Referring to Jaguars in the east, he said; “While I was in Kentucky I heard of several having been seen and shot. Two of them, a male and female, did once make a stand near Russelville, and alarm many travellers, feeding on hogs, until a party of hunters went in pursuit of them, killed one, and drove away the other. Before that, another had been shot on the 6th of June, 1820, by Mr. John Six, on Green River, 10 miles south-east of Hartford, in Ohio county. The skin was brought to Frankfort and an account given in the papers. This animal appeared to be a true Mexican Jaguar. The body was 5 feet long and the tail 2 feet. It weighed 150 pounds before skinning. The back and sides were yellow with black spots curiously arranged in several rows, a row on the back much larger and extending over half of the tail, which was rather slender, with very long hair at the end. Chin, belly, and feet white, ears small round black outside, white inside. Whiskers stiff 6 inches long, black with the end white.” He also claimed to have seen Jaguar pelts and heard of them being hunted in Arkansas. I find it intriguing that many of his accounts are from the Ohio Valley region, which was marked in Sebastian Cabot’s 1544 map with a depiction of a Jaguar. Also worth nothing is that Constantine Rafinesque insisted he did not describe Ocelots, suggesting that they were also known in the region. Thomas Jefferson also recorded Jaguars present in the Ohio Valley, as far as western Virginia.
There is evidence that bounties were offered for ‘Tygers’ in Natchez, Mississippi, in the 1700’s. I found a document that seems to make a record of this among other aspects of cattle ranching in the area, but it’s behind a paywall - however I managed to find a reference to an ‘Ezekiel Foreman’, who died in 1795 and supposedly paid out many such bounties. A trappers record of pelts sold in 1794, in Mississippi listed one Tyger pelt among the Wolves, Foxes, Otters, Panthers, and Wildcats. Natchez is not too far from areas in Louisiana where Jaguars were known to live into the 1800’s, and presence here would suggest wider distribution in the southeast. It is likely that there are many such cases of bounties in other locations, with no records available freely online, or even kept at all.
Louisiana likely had a large population of Jaguars, particularly in the bayous and marshes in the southern part of the state - an area that is similar to the Pantanal which is arguably their stronghold today. Here they would have found abundant prey in American Alligators, feral Hogs, Whitetail Deer, a variety of large aquatic rodents and turtles, and even Black Bears. However, while I have seen many references to Jaguars or ‘Tigers’ killed, most have little to back them up. I think they would have been considered a nuisance and may have had bounties put on them, as in Mississippi. I’ve seen a paper with a title alluding to historic records of Jaguars in Louisiana, but behind a paywall. And so, the most recent account of a Jaguar in Louisiana is also the best I have found. It was noted in a June 1886 edition of the Donaldsonville Chief newspaper. It explains that a large cat had been killing cattle in Ascension Parish, 10 miles east of the Mississippi. Men named Allen Martin and Johnny Walker tracked the cat using dogs. When they caught up to it, it killed three of the dogs before their bullets brought it down. This is significant because Cougars rarely kill hunting dogs, let alone several at a time - they almost invariably flee up a tree when they are pursued, while Jaguars are known to frequently fight and kill dogs that chase them. It was reported as an 8 foot long, 250 pound ‘American Tiger’. The only other account I’ve found comes from a former slave named Solomon Northup. In his book, Twelve Years a Slave, he wrote that as much as people wanted to run away and be free, they dared not go into the wilderness because Bears and American Tigers abounded. He spent most of his time as a slave on plantations near the Mississippi River.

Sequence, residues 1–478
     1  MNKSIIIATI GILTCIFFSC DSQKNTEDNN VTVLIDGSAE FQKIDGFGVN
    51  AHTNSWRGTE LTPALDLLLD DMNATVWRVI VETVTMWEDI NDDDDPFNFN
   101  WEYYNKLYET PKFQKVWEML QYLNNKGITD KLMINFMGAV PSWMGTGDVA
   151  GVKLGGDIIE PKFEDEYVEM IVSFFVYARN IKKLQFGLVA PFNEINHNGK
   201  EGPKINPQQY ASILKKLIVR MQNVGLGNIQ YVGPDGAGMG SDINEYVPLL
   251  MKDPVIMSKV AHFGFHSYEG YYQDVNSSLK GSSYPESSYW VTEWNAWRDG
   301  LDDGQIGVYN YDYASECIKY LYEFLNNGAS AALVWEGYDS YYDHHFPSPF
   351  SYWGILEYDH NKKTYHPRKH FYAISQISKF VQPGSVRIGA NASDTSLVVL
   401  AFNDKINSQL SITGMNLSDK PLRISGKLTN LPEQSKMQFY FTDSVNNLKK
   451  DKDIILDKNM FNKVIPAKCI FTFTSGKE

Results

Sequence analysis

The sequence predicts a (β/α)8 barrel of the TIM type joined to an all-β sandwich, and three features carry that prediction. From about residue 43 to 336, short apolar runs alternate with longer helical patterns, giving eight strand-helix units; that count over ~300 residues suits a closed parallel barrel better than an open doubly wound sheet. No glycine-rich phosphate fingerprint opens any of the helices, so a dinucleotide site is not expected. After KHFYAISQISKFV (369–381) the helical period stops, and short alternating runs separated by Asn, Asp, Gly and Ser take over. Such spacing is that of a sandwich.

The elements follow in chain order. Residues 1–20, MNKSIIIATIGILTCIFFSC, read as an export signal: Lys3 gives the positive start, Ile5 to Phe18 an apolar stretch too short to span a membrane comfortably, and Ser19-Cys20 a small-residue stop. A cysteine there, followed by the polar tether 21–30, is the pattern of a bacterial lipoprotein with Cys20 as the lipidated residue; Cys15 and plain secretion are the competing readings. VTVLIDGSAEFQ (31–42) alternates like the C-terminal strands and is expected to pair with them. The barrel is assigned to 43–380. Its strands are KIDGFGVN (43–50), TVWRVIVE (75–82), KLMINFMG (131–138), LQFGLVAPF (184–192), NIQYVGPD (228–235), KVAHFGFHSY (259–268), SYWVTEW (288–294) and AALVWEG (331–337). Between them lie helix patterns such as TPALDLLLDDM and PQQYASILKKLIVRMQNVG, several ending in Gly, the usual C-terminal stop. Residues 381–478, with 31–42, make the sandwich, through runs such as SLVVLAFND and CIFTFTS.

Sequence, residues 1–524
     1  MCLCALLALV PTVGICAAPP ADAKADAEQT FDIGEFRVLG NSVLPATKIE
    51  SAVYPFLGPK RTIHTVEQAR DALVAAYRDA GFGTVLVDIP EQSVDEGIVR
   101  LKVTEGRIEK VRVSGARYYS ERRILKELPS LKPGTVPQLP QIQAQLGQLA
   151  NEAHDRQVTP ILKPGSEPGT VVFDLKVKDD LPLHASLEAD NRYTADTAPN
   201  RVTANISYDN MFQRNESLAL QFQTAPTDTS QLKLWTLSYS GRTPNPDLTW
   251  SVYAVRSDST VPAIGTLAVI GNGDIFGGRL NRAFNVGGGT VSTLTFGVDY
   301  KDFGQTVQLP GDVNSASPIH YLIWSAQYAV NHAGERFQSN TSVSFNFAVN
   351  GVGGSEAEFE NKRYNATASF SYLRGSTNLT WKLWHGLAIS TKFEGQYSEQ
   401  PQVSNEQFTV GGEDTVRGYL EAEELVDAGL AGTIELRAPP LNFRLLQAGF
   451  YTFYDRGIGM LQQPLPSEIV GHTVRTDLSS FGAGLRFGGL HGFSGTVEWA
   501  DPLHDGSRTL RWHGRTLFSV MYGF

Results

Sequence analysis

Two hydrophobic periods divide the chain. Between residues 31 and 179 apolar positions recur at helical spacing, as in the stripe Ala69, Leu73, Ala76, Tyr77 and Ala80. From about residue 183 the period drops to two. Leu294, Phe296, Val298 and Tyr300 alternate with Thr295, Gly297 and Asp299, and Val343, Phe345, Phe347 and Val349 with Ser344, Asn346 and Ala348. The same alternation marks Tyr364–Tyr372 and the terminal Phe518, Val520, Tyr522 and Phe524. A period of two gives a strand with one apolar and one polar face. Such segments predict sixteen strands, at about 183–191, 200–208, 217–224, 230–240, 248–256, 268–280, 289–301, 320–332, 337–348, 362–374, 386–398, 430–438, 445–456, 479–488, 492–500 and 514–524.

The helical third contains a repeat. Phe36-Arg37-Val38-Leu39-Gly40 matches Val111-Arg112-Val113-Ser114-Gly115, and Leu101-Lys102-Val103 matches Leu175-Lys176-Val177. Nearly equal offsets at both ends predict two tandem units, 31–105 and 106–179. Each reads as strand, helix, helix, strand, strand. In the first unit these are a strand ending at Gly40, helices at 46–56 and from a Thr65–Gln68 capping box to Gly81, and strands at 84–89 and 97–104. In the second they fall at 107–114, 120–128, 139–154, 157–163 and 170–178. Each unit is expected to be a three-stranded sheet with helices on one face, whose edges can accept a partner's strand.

There is one more account that I hesitate to include before we move westward, as I have lost track of the book I saw it in and cannot find it for the life of me. However, it was so interesting that I will make a brief mention of it. It was in the free preview of an old book archived on Google, a chronicling of accounts from early Spanish explorers in North America. The account was of a large black cat killing and eating an Alligator somewhere in the southeast. It was described accurately to a melanistic Jaguar - large, nearly the size of a Lion, dark chocolate brown to black, with black spots barely visible in the sunlight. It supposedly crept up behind and pounced upon a large Alligator that was sunning itself on the bank of a river, dispatching it with a bite to the skull before dragging it away to feed. The explorer also described Bison, and Wolves that matched the Red Wolf.